Vince Pornelos / Vince Pornelos | March 16, 2010 17:24
Back in the gameThis is it.
Forget everything you think you know about any Chevrolet compact car. For generations, Chevrolet's small cars have been disappointing to own, drive, or even just look at.
With the all new Chevy Cruze however, things are about to change.
On the outside, it's simply striking. There's greatness in the way the bodywork and its details were conceived, from the trademark Chevy grille and bowtie logo, the raked headlamps, the feature lines and the side profile. Everything comes together nicely to produce a car with a great deal of visual character.
The new Cruze is also now the longest in its class, measuring in at 4597mm long. Width and height are also at the high end of the class at 1788mm and 1477mm, respectively. Rear leg and hip room is also very good, and there's quite a bit of boot space too.
If the exterior was striking, then the interior simply floored me. Past interiors of Chevy compacts really made you feel like you're getting your money's worth, which wasn't much in the case of the Optra. No more.
The Cruze's double wing dashboard is something more befitting far more expensive European brands, and I don't mean just the great texturing and graining of surfaces or the dotted silver and glossy black trim. With high build quality tolerances, Chevrolet has created an interior that evokes a feeling of class and refinement that's highly uncommon in the compact car segment.
Sitting in the driver's seat, you're greeted by a three-spoke leather-wrapped steering wheel with anatomic grips and audio controls. The seats are very well shaped and bolstered, and lined with supple gray leather. The twin-cluster gauges are intricately detailed and modern, with a large LCD in between for the fuel mileage and trip computers. The center console is simply upper class, with another large LCD which shows vehicle, audio and climate settings, controlled via the buttons below the screen.
Then there are the features. A 6-disc audio system with MP3 playback, USB connectivity and 6 speakers take care of the entertainment, while a fully automatic climate control system handles the comfort. Of course, there's the high level of safety equipment, as the Cruze has dual front and side airbags, ABS and stability control. Excellent value for something that costs just a tad over PhP 1M.
So far, so good. Now comes the nitty gritty: the engineering.
Under the hood, the engine is quite a ways from being ground breaking in terms of power and torque, but 141 metric horsepower from 1.8 liters sounds pretty decent. When it comes to power delivery, most of the power is really located on the mid to high end of the rev range, somewhere between 3500 rpm to the rev limit of 6300 rpm. Below 3500 rpm, the engine cruises quite smoothly.
With the 6-speed automatic, the sprint from 0 to 100 km/h takes 11.5 seconds as claimed by the manufacturer, and sounds pretty accurate when tested at 11.8 seconds. The transmission's gear splits are excellent, feeling like a true 6-speed instead of a 5 speed transmission with its total ratio split up to make 6 gears, if you get my drift. The advertised top speed is 190 km/h, but has a bit of a difficult time getting there, and thus, the Cruze is happier cruising along at a steady 100 km/h, which it does at an efficient 1700 rpm in 6th for 14.9 kilometers per liter of consumption. In city driving conditions, the Cruze is quite efficient too and delivers 10.3 kilometers to the liter with moderate traffic, and does it with such a great feeling of refinement.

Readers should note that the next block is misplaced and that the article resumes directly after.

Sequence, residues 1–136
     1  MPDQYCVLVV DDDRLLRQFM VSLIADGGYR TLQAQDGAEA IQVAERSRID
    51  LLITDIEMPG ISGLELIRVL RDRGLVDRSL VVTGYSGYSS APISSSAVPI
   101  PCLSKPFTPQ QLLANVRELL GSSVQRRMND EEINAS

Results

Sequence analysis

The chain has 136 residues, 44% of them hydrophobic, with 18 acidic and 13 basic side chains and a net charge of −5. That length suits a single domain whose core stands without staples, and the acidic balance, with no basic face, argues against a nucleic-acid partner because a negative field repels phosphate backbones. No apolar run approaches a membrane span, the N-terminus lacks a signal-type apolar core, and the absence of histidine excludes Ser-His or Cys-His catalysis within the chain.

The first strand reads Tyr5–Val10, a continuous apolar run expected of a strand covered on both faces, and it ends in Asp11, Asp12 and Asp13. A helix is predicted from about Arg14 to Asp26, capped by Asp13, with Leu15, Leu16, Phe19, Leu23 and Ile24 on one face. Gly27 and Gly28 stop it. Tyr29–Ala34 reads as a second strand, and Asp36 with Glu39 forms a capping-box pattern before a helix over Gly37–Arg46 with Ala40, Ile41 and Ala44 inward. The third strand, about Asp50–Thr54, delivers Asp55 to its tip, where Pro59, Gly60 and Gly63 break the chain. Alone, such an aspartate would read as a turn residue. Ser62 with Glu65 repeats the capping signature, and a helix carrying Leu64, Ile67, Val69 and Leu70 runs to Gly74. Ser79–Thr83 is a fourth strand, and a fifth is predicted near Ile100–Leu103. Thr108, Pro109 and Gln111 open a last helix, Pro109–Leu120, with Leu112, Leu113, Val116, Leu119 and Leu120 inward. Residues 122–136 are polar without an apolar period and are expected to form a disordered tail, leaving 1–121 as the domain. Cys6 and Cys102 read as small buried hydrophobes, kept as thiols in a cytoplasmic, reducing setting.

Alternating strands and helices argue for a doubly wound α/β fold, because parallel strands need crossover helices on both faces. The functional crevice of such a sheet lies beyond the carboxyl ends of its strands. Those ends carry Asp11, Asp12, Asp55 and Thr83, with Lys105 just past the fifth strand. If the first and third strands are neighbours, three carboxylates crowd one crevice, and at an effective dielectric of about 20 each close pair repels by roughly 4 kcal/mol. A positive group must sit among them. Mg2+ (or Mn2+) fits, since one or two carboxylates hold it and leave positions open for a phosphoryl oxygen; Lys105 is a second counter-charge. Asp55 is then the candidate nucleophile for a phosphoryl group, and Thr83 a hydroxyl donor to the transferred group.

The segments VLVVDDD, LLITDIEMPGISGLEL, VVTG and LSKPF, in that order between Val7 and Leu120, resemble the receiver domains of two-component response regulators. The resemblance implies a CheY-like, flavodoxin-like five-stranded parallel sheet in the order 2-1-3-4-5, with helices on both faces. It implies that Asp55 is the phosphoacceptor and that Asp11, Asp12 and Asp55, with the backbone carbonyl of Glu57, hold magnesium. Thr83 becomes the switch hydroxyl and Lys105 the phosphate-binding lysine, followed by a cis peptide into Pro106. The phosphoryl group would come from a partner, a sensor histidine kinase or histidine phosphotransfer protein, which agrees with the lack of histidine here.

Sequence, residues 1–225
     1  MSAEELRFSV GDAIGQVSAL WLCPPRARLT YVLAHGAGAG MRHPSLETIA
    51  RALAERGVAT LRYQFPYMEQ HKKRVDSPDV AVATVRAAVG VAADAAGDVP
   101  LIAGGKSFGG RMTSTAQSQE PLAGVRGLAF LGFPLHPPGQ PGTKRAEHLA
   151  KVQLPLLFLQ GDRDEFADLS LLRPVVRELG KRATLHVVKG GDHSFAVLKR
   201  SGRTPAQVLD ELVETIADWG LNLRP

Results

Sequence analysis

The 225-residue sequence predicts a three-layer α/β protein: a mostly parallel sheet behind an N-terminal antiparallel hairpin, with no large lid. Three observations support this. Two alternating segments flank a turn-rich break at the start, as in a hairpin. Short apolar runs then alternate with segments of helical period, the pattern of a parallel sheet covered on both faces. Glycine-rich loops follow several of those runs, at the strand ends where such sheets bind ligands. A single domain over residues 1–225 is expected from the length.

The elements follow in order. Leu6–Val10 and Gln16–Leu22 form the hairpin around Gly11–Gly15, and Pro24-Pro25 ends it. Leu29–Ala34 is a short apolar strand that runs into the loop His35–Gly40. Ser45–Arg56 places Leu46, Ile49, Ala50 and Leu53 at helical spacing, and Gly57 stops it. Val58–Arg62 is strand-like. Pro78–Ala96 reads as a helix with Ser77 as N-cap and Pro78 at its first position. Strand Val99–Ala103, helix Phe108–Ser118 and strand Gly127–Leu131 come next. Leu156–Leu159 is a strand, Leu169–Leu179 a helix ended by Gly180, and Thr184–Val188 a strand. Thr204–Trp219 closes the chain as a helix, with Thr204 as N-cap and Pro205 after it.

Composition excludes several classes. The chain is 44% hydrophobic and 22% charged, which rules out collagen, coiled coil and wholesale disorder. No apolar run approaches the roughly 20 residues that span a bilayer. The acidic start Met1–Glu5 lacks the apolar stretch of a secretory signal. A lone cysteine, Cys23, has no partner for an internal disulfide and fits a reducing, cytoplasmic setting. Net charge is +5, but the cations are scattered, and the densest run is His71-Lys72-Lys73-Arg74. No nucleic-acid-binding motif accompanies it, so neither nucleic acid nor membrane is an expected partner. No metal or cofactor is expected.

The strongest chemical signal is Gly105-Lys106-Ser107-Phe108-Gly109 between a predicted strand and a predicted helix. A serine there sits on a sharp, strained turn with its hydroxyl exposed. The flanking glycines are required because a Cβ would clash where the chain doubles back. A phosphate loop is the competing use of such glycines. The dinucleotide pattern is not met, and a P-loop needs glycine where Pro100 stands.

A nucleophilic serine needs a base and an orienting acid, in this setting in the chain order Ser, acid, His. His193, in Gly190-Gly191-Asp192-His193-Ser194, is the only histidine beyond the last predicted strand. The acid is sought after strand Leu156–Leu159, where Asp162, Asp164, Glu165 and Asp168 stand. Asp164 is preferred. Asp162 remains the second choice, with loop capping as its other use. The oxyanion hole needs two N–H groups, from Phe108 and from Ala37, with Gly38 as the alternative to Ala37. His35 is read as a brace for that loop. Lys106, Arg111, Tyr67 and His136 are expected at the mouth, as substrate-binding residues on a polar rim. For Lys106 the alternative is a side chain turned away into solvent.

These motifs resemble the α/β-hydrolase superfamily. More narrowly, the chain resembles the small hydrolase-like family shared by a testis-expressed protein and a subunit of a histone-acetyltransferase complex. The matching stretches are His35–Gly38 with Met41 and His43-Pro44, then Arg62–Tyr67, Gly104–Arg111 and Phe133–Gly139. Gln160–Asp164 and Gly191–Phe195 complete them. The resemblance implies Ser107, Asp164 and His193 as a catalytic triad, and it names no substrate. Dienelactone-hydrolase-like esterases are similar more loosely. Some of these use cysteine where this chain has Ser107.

The real surprise with this car is the way it handles. Previous Chevrolets were really the subject of endless jokes when it comes to their lack of cornering prowess on a track or on an open road. No more. The Cruze's suspension set up (MacPherson front, Watts Z-link rear) has been tuned for symmetrical handling as Chevrolet claims. Let's put it to the test.
On the twisty tarmac, high up on the Sierra Madre mountains, the Cruze comes to life. Sustaining the car in either 2nd or 3rd gear, attacking the corners is easy. Strangely easy. The Cruze has a sense of composure in the corners that would normally be associated to grand tourers, thanks in large part to the strong, stiff body structure. There is still a bit of lean, but it always feels managed and kept in check by the car's suspension, making for a fun driving experience.
The Kumho Solus tires hold up well to challenging roads, though their low profile nature for the 17 inch wheels do tend to soak up more of tarmac's imperfections at low speeds. The Cruze also has a pretty good set of brakes at all four wheels when you stomp at the anchor, and having ABS, EBD and stability control provide an even larger safety net.
Rarely has a car manufacturer had so much riding on one car model, especially after Chevrolet's parent company GM, languished in the wake up call known as Chapter 11, Chevrolet has put everything they've got into this one. And it shows.
With the new Cruze, Chevrolet now offers great looks, decent economy, a multitude of features, high standards of refinement, an engaging drive and a feeling of overall quality that's very rare for its price range, and will undoubtedly shake up the established order in the compact car class.
The Chevrolet Cruze impresses.
It's about time.